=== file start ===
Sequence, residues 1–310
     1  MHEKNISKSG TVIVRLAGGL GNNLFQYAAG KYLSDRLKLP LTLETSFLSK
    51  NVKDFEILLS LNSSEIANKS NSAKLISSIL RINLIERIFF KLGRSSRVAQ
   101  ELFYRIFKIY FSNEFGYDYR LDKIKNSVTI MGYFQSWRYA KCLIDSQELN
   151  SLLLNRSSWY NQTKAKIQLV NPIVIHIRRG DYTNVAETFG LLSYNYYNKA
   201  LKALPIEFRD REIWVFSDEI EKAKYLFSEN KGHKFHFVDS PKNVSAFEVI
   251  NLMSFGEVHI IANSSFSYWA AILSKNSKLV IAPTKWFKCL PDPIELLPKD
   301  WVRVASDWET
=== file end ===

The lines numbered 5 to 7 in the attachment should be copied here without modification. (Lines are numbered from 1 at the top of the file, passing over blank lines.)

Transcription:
   151  SLLLNRSSWY NQTKAKIQLV NPIVIHIRRG DYTNVAETFG LLSYNYYNKA
   201  LKALPIEFRD REIWVFSDEI EKAKYLFSEN KGHKFHFVDS PKNVSAFEVI
   251  NLMSFGEVHI IANSSFSYWA AILSKNSKLV IAPTKWFKCL PDPIELLPKD